Kidney preservation protocol for management of emphysematous pyelonephritis: Treatment modalities and follow-up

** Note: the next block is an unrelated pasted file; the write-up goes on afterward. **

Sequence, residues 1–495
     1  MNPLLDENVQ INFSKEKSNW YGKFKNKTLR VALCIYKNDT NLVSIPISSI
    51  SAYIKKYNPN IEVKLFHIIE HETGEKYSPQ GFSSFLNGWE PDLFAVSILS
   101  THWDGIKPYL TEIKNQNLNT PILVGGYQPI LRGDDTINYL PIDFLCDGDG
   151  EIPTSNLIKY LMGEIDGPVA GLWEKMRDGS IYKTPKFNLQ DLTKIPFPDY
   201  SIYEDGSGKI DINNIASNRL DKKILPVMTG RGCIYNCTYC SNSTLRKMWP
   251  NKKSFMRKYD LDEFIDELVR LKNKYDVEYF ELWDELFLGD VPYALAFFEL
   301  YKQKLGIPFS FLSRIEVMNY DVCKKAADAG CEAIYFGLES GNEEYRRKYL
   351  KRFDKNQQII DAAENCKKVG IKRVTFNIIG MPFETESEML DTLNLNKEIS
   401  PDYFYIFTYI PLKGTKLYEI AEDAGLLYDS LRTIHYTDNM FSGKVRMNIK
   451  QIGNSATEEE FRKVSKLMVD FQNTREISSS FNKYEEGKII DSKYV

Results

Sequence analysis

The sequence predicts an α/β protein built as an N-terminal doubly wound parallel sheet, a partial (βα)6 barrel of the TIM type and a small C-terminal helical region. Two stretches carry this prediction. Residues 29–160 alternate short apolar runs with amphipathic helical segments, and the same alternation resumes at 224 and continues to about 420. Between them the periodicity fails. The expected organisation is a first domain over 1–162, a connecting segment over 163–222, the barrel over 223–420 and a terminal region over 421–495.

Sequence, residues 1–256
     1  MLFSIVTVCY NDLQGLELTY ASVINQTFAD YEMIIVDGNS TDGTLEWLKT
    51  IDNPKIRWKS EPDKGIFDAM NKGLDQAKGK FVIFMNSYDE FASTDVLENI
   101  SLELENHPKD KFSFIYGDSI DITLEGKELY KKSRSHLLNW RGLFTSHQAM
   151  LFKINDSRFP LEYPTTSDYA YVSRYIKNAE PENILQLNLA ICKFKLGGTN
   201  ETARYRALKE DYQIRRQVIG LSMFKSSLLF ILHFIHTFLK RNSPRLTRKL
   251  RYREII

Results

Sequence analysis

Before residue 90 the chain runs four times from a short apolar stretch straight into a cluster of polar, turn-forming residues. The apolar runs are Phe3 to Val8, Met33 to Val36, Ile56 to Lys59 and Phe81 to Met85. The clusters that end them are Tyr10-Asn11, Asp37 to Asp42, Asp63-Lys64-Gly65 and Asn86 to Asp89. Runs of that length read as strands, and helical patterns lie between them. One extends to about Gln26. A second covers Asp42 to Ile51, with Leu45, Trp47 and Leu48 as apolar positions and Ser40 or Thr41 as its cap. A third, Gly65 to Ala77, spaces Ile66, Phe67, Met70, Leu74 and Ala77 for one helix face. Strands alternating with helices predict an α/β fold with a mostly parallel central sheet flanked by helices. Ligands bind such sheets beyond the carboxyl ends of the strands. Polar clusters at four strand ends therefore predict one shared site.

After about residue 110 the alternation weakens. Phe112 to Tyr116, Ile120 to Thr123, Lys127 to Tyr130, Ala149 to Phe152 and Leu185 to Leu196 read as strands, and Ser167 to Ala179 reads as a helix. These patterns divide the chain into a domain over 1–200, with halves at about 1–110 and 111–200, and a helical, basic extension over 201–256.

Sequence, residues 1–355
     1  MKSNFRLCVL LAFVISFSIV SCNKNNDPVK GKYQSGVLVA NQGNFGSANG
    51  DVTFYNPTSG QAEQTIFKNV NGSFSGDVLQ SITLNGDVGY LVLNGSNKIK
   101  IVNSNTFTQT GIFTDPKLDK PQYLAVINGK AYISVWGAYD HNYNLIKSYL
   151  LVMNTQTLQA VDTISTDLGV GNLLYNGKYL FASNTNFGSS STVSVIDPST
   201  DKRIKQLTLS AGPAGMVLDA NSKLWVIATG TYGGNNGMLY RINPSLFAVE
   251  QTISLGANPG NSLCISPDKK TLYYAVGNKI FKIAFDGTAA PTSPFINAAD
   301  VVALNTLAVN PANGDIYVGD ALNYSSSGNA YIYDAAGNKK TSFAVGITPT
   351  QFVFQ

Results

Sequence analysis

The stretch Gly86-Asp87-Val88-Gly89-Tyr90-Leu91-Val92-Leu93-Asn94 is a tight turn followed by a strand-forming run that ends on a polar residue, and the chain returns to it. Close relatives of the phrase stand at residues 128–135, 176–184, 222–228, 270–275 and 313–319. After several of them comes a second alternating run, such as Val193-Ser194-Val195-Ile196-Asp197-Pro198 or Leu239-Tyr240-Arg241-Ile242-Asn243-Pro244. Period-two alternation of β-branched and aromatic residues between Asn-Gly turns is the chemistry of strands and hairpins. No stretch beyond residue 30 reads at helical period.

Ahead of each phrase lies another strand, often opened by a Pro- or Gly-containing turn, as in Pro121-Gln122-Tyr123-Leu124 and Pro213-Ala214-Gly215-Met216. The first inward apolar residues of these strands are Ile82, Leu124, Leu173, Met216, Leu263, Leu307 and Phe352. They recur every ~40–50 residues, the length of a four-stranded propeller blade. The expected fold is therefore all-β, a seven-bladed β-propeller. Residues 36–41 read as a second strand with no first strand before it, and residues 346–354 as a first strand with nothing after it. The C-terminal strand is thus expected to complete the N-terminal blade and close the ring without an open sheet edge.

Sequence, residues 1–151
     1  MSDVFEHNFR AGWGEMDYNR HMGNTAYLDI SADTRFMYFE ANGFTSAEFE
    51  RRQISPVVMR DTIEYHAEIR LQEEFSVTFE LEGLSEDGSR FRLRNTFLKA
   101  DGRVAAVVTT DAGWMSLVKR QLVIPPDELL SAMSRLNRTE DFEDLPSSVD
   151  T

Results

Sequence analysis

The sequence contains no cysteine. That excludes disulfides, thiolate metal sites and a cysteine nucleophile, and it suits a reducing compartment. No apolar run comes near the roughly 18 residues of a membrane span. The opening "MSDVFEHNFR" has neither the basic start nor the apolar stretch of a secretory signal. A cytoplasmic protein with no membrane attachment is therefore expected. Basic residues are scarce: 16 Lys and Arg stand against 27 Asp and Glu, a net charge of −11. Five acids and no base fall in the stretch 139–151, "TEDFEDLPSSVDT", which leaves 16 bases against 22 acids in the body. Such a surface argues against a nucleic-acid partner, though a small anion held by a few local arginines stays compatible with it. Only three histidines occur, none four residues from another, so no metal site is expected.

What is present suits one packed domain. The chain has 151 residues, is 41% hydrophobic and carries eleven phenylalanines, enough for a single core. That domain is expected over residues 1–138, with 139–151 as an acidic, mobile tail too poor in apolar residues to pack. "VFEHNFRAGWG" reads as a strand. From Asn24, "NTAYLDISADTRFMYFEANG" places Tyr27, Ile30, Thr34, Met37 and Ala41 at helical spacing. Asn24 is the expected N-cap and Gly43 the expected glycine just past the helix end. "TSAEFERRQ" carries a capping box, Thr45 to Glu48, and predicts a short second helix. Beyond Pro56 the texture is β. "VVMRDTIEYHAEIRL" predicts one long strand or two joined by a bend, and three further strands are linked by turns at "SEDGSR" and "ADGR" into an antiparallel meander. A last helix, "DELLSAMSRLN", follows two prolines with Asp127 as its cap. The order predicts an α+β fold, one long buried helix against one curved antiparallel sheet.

Objectives: To present treatments for kidney preservation in the management of emphysematous pyelonephritis (EPN), and to evaluate the functional outcome of preserved kidneys during the follow-up. Patients and methods: The computerized files of patients with EPN from 2000 to 2010 were reviewed. After initial resuscitation, ultrasonography-guided percutaneous tubes were placed for drainage of infected fluid and gas. A radio-isotopic renal scan was done after stabilization of the patients’ condition. Preservation of the affected kidney was attempted when the differential function was >10%. A renal isotopic scan was taken during the follow-up to evaluate renographic changes in preserved kidneys. Results: The study included 33 kidneys in 30 consecutive patients (mean age 51.7 years, SD 10.9). Kidney preservation was applicable for 23 kidneys (20 patients). Preservation methods included percutaneous nephrostomy for 12, percutaneous tube drain for two and conservative treatment for nine kidneys (six patients). Nephrectomy was performed for 10 kidneys (emergency in three and delayed in seven). The frequency of post-treatment septic shock after kidney preservation (10%) was significantly lower than after nephrectomy (20%, P = 0.005). The overall mortality rate was 7% (two patients). The follow-up was completed for 13 patients with 15 preserved kidneys for a mean duration of 21 months. During the follow-up, differential renographic clearance of the affected kidney was stable in 13 of 15 while two kidneys showed improvement. Conclusions: Kidney preservation should be the primary goal in the treatment of EPN when the differential renal clearance is >10%. It was associated with fewer complications than nephrectomy and the follow-up showed a favourable functional outcome of the preserved kidneys.